Hundred in a mouthful
Patricia ZaradicDr. Patricia Zaradic is a conservation ecologist whose research explores the interface between human resource needs and nature. She is the director and co-founder of Red Rock Institute and her current work combining economic, social science and ecological approaches to address pressing conservation issues and has been featured on NBC, and other popular media outlets. Patricia’s PhD research through the University of Pennsylvania examined the long term impacts of logging on stream ecosystems in old growth forests of the Pacific Northwest. She did further postdoctoral work in east coast stream systems with Stroud Water Research Center using Artificial Neural Networks, a form of artificial intelligence, to analyze links between land use and stream health. Patricia has received support from an EPA Science to Achieve Results doctoral grant, the National Science Foundation and a Nature Conservancy Smith Conservation Research Postdoctoral Fellowship. She was selected as an Environmental Leadership Program Fellow for the Delaware Valley Region and regularly provides science research for The Nature Conservancy.
Patricia Zaradic: My parents are from Croatia, and where they grew up in Croatia was near the coast. They were used to fishing and eating from the sea. So when they came over here, and I was born here, one of the places we would go out to nature would be the state parks out on Long Island because we were in New York City. There, they would do seining for fish and we would pull up all these amazing things, along with the fish that we would actually eat, called cento in bocca, which means a hundred in a mouthful. I think they're little minnows or anchovies or something. But we'd also pull up sea horses, huge blue crabs, hermit crabs, puffer fish and these little needle fish, all these different things. They were ultimately the most fascinating thing as a child. My sister and I would fill our beach buckets with seawater and play with these things all day long there at the beach. It wasn't an attempt to connect with nature, just an embodiment of your interaction with these little things. Most of the time we'd just toss them all back and hopefully they'd survive our attention. It was a wonderful way of just playing in this world, that now, reflecting back, is this world of nature.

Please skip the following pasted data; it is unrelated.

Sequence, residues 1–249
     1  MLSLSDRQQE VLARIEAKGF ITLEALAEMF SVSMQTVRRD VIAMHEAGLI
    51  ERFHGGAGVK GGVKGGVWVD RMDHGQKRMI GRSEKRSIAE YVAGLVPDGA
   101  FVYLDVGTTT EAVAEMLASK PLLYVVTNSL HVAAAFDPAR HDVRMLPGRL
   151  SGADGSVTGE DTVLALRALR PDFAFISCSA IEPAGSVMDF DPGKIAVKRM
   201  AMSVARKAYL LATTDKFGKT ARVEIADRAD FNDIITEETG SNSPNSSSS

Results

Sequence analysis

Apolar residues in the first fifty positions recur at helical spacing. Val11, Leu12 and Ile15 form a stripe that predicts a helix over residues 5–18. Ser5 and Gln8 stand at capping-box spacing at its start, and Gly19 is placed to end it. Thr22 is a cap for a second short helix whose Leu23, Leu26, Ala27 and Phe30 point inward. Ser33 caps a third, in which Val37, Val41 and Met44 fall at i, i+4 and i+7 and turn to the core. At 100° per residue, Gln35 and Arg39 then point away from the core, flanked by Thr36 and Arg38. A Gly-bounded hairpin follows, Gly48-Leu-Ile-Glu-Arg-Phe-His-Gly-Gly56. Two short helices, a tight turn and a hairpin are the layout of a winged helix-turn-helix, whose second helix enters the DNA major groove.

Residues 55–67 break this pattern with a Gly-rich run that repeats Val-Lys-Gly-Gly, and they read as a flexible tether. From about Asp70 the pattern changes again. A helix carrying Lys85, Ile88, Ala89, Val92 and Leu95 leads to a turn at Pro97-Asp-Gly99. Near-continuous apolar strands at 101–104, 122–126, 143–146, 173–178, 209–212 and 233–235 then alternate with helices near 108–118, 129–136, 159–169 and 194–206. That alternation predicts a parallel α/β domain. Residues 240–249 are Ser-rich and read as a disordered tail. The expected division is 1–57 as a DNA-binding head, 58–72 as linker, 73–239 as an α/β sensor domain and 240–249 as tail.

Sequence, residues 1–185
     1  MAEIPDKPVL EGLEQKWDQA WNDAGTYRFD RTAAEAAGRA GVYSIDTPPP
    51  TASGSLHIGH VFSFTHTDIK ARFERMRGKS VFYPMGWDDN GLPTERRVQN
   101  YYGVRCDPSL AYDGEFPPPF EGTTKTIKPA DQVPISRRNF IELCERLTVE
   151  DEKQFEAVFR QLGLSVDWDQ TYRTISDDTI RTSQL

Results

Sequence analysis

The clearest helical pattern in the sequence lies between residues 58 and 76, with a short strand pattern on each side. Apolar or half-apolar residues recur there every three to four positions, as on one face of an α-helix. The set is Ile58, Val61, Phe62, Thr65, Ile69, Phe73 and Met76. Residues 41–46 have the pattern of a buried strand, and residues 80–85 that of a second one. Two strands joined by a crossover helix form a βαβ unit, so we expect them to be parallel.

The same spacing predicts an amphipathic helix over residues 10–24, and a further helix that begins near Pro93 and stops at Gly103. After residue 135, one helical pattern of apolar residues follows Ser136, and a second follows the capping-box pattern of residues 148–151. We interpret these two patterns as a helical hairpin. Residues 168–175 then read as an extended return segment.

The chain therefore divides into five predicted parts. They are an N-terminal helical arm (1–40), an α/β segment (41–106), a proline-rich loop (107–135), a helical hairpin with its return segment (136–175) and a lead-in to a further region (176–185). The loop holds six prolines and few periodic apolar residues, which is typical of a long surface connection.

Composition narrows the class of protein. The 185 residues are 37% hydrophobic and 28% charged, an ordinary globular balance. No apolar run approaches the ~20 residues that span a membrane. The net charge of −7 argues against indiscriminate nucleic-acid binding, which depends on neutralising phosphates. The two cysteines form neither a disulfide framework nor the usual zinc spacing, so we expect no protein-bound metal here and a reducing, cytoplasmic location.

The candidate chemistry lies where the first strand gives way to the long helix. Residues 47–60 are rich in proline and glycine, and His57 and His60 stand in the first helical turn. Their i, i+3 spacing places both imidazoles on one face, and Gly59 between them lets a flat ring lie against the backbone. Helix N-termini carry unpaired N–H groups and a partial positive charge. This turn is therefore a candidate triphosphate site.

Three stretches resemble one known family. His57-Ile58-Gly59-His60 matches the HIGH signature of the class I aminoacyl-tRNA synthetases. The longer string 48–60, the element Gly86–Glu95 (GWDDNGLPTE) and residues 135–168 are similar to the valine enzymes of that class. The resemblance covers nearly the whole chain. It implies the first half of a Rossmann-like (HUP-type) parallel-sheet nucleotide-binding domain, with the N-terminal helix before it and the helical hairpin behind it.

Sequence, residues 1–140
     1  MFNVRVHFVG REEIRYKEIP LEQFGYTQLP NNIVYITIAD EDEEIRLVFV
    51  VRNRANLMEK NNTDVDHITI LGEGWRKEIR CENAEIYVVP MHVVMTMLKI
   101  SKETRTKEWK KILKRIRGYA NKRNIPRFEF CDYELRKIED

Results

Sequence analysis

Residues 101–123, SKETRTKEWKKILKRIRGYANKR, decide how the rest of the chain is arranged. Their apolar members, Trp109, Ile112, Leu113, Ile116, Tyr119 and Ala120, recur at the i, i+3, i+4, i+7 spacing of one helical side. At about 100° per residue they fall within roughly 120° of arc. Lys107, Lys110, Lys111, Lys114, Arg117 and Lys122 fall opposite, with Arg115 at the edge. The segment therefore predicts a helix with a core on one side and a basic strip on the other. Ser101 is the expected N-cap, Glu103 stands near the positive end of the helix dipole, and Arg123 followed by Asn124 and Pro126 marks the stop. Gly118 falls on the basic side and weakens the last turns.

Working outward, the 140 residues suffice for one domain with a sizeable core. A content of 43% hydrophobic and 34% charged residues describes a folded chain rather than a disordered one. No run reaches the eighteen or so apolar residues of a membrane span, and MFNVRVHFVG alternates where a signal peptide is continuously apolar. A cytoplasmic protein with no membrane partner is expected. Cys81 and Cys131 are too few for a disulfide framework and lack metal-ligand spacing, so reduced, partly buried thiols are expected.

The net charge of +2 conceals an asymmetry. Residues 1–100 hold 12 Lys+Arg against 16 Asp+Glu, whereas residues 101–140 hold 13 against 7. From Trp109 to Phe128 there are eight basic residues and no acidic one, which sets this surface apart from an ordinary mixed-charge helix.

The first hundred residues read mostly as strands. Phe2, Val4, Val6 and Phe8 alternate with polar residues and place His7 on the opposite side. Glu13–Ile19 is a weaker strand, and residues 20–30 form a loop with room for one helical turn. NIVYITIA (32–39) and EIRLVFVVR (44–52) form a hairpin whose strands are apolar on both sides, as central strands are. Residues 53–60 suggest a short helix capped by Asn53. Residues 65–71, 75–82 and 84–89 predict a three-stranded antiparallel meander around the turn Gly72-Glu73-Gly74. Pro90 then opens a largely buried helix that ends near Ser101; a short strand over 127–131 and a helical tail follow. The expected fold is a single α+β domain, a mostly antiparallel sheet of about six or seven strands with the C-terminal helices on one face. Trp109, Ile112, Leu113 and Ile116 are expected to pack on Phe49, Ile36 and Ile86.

One of the things that struck me was that over time, over my own lifetime, I saw the disappearance of some of these things as we'd go back year after year. We weren't pulling up sea horses any more, we weren't pulling up puffer fish and it was striking and a little sad and nostalgic to think back on that. I think probably part of what made me become a conservation researcher is seeing the disappearance in my own lifetime of some of those things. Then having kids of my own, and thinking about what is the legacy that I want to leave behind.